At Greater Portland Health, we aim to address not only patients’ physical health, but their emotional health needs through a trauma-informed model of care. As a Patient Centered Medical Home, patients benefit from the full integration of our behavioral health program with our medical services. Greater Portland Health has a licensed clinical social worker as a member of every patient’s healthcare team to support patients’ holistic health and to provide quality patient care through the promotion of health equity, diversity, and inclusion.
Clinical social workers provide evidenced based interventions for patients with social/emotional concerns including stress, depressed and anxious moods, relationship concerns, psychological trauma, as well as substance use concerns. Information and referral to a more intensive treatment program and substance abuse services are provided as needed.
Treatment modalities include:
We believe that people strive to be healthy physically, emotionally, and spiritually, though life often presents challenges that can make this difficult to achieve. These challenges include acute or chronic illness, stressful life events, substance use, psychological trauma, acculturation stress, limited economic resources, work pressures, as well as community, family, and relationship difficulties. We believe that people are always functioning to the best of their ability, within the context of their individual life experiences and life skills, and we strive to encourage and empower choice in treatment options that reflect patients’ resilience.
All patients participate in ongoing, brief screenings for depression, traumatic stress, substance use, and other behavioral health disorders as part of an initial and periodic medical history intake or update. Patients screening positive for depression, substance use and/or traumatic stress are offered counseling. Patients with mental illness may be treated by their primary care provider or internally referred to the mental health team for further evaluation and treatment, and are supported by their team social worker. Patients who screen positive for substance use disorder receive a brief intervention and if appropriate are referred into the Greater Pathways program for substance use treatment.
Pediatric patients are screened for exposure to violence at their initial visit and ongoing well-child visits. If a child screens positive, he/she will meet with the pediatric social worker for a full biopsychosocial assessment and ongoing treatment, including Trauma Focused Cognitive Behavioral Therapy (TF-CBT), as appropriate.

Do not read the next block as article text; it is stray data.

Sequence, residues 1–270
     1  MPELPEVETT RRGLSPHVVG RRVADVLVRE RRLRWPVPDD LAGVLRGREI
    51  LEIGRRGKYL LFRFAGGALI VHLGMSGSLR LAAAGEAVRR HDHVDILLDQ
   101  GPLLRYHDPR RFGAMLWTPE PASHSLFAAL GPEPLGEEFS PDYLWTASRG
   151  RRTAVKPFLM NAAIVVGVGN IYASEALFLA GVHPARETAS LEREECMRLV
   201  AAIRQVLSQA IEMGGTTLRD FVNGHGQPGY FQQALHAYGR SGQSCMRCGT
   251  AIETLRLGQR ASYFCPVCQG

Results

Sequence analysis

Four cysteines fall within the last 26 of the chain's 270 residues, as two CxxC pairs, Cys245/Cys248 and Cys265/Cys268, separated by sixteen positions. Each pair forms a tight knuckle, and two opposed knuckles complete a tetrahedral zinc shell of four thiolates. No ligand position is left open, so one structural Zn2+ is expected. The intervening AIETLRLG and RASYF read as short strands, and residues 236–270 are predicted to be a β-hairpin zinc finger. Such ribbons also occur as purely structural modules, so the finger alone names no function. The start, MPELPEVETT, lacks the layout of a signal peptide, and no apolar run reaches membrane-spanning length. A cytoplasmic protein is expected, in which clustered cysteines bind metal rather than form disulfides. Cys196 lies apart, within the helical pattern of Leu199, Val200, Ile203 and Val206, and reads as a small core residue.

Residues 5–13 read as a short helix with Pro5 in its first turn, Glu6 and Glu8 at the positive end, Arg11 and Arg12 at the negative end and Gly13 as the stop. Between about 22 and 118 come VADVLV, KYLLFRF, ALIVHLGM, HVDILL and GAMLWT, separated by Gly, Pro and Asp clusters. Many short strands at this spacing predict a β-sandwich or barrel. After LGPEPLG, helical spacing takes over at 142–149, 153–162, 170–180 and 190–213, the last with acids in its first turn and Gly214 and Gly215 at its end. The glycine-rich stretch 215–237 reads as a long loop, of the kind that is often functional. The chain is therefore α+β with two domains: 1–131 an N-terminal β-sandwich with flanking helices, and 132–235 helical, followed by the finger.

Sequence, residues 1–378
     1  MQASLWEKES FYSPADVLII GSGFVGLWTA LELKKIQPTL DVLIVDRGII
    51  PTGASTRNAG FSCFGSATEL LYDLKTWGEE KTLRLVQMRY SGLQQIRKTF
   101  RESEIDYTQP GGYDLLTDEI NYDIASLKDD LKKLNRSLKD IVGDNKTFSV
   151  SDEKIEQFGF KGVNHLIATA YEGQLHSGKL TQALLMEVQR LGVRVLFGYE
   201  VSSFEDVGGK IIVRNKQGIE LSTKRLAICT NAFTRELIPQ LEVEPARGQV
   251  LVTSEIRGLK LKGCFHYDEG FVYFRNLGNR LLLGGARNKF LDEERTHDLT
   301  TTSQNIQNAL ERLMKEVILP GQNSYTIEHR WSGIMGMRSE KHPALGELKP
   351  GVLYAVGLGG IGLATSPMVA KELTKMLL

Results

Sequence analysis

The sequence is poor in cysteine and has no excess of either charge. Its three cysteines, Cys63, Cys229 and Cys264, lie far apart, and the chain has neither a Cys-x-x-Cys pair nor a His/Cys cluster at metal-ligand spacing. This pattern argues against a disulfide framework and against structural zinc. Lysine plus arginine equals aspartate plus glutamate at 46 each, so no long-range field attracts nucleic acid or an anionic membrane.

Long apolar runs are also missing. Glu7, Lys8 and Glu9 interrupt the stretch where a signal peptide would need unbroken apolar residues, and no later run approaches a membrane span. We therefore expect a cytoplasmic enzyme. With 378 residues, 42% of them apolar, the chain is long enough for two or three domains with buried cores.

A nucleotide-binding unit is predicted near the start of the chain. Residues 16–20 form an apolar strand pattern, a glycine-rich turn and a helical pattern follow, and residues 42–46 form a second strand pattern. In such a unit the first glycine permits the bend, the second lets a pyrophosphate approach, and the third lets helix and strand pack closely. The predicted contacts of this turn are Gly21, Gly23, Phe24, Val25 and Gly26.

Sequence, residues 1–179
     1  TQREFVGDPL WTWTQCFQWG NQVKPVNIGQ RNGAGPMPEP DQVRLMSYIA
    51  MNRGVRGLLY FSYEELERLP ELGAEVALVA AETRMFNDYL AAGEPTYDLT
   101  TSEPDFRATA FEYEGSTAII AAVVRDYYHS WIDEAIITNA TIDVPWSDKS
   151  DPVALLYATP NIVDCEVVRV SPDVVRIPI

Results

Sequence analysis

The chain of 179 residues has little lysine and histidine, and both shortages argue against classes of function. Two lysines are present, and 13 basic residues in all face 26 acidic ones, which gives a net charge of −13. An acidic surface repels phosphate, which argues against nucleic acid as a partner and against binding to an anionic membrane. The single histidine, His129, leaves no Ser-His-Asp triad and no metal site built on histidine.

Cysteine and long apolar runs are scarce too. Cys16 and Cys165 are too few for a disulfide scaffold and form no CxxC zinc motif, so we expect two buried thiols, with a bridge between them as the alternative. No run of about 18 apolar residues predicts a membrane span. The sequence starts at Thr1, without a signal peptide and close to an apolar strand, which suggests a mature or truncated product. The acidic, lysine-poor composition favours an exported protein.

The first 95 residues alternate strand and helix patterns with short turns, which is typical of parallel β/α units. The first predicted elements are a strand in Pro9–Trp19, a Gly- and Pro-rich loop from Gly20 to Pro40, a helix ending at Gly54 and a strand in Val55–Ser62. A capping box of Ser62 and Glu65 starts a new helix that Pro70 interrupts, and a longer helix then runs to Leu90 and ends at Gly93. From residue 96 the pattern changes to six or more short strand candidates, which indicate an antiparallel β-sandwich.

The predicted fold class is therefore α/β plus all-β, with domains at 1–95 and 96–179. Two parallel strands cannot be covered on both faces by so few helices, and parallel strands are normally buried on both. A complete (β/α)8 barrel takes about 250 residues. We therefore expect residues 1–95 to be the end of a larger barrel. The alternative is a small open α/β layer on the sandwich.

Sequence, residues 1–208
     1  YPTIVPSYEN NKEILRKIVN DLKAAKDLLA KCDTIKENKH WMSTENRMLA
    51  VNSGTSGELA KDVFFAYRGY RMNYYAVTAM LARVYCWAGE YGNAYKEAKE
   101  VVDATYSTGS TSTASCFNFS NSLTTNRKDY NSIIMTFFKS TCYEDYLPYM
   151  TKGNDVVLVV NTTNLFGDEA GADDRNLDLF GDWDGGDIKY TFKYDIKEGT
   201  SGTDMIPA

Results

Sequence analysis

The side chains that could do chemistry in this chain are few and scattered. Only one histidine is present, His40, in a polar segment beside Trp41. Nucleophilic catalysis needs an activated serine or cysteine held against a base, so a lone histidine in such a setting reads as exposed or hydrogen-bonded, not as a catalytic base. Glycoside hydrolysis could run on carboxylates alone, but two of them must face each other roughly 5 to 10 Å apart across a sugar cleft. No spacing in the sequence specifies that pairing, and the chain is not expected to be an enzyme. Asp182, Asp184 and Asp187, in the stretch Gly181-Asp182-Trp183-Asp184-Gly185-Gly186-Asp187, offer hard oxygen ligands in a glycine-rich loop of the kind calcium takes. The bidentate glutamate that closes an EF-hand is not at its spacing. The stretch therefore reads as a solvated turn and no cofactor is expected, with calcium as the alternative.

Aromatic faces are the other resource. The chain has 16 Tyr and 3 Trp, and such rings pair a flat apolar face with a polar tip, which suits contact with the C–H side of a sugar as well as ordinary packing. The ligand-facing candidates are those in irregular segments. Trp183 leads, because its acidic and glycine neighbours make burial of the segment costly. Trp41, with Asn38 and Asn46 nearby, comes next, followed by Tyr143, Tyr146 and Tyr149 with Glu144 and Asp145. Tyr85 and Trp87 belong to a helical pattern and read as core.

The Community Health Worker (CHW) serves as a link between Greater Portland Health, health/social services, and the community to facilitate access and improve the quality and cultural competence of health care delivery. This role serves as a cultural broker, assures positive health outcomes, and builds individual and community capacity by increasing health knowledge and self-sufficiency. CHWs role includes a range of activities such as navigation of systems, outreach, community education, informal counseling, social support and advocacy. Staff members are multilingual in French, English, Kinyarwanda, Kirundi, Swahili, and Somali.
Patients requiring a higher level of care due to complex psychiatric symptoms are referred to community partners such as Opportunity Alliance, Catholic Charities, Maine Behavioral Health, Maine Medical Center Outpatient Psychiatry and/or residential substance use or co-occurring treatment facilities. Patients requiring inpatient mental health or substance use inpatient treatment are referred to crisis service providers and/or Spring Harbor Hospital.
Greater Portland Health provides care to a linguistically and culturally diverse patient population and we strive to recognize the strength and resilience that the refugee and immigrant communities possess. We also recognize that many individuals and families who are seeking asylum or who have resettled as refugees have experienced complex war trauma, torture, loss and ongoing acculturation stress. These individuals need increased access to screening and culturally appropriate models of care that can effectively support them--especially those from cultures where mental health is stigmatized--from initial screenings to the successful completion of evidence-based therapies. Greater Portland Health’s providers are trained in several evidence-based therapies that are specifically designed to meet the unique needs of Portland's extremely diverse population and can provide counseling in patient’s first language. Needs of the community also led to the development of psychiatric nurse practitioner services to complement counseling. In 2017, these services expanded into our school-based health centers, which allow Greater Portland Health the opportunity to break down cultural stigmas and normalize symptoms for at-risk youth.
In collaboration with Maine Access Immigrant Network, Greater Portland Health offers New Mainer peer support groups focused on overcoming psychological hurdles faced by New Mainers. Topics are community-driven, originate from group members, and include: acculturation, stress management, impact of war trauma, child-rearing, employment, parenting and relationships in a new country, mindfulness, laws around domestic violence, what it means to belong, barriers, challenges, stigmas, and more.
Peer Support Group
Wednesdays 12 - 1 p.m.
Maine Access Immigrant Network
237 Oxford Street, #25A